Memo From Somalia – Anarchy-Cursed Nation Looks to Bottom-Up Rule – NYTimes.com
Many Somalis have grown suspicious of a strong central government, especially after the dark years of Maj. Gen. Mohammed Siad Barre, the dictator who ruled from 1969 to 1991. “The state has never had any legitimacy,” said Tobias Hagmann, a Somalia scholar at the University of Zurich.
Clan-based warlords toppled General Siad Barre, then turned on one another. In some places, limited local governments sprouted to fill the authority vacuum. They called themselves “administrations” and provided some services, like resolving property disputes or trying theft suspects in courts based on Islamic and customary Somali law.
By the early 2000s, several of those local courts began to gain strength, and in 2006 they united under an Islamist banner to fight warlords being paid by the Central Intelligence Agency. The Islamic courts won and disarmed and pacified much of south-central Somalia, following their own version of the building block approach. But the United States and Ethiopia considered the Islamic courts a terrorist threat, so the United States helped Ethiopia invade Somalia.
The result today is an ascendant Islamist guerrilla force, a wounded and divided transitional government and an increasingly impatient Ethiopia. Stir in Somalia’s war profiteers, including gunrunners and importers of expired baby formula, and the country seems to be a recipe for long-term disaster.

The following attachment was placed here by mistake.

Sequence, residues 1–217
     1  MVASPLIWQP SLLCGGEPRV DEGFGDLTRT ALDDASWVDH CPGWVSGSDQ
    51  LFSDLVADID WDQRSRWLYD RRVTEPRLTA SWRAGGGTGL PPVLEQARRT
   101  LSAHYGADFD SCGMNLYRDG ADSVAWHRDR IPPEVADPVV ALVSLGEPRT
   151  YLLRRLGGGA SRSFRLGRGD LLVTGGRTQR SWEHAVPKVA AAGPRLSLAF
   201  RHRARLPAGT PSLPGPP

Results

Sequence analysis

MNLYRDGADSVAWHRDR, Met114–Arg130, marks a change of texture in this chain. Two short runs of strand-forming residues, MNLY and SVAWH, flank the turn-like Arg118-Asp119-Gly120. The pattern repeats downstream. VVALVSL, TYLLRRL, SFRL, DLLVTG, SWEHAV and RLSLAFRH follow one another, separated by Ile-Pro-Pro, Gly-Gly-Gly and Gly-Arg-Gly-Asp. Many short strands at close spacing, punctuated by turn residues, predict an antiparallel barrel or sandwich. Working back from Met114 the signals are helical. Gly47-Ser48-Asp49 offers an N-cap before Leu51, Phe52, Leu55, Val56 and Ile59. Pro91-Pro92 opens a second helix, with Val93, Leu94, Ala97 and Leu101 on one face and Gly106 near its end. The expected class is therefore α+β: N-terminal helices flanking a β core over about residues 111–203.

I strongly condemn any attempt to bring religion into government, as such a confluence spoils both institutions almost past the point of salvage. That said, I’m also not a fan of any attempt of ours to force other countries to adopt our way of government. I hope that, in time, the people of Somalia will see that Sharia law, while in some ways useful, is inhumane and hopelessly outmoded. I also hope that, in time, those who run our government here at home will recognize Somalia’s very real need for law and order, something that’s not being brought by Ethopian tanks backed by United States money.
If we think that any government that brings religion into governing is beyond the pale, we may want to consider that the government-in-exile of Tibet, which which deep Western sympathies rightly lie. The Dalai Lama is the head of the church and the head of state, and his succession is achieved through reincarnation. That means he’s been in power for centuries; I can’t think of any dictators that can top that. China has no right to impose their system of government on Tibet, just as we have no right to impose our system of government in Somalia; and if we were sincere about democracy being the right way, the peaceful way, the only way, then we would accept it when other countries elect leaders we don’t like (say, in Chile, in Nicaragua, in Palestine, etc.).
Don’t get me wrong; I think that democracy, be it American-style presidential or European-style pariamentary (or that interesting… thing they have in France) is the best thing ever to happen to systems of government, and I hope every country in the world sees that before long. I think a government is only made legitimate by the uncoerced consent of the people. However, we ought to be leading by example, showing the greatness of democracy and why foreign leaders should trust in their people. Instead, we’ve worked hard building an unfortunate image of the US as a bully, tarnishing the image of democracy by making moderate opposition leaders targets of public humiliation (a common slur is that reformers in the developing world are too “pro-Western”) and raising an obvious question: if democracy is so great, why has it created a country that clearly does not respect the rights of foreigners?
I think they’re wrong; I think we do respect the rights of foreigners. But, we must show that with concrete action to replace our bellicose chest-beating and military arrogance.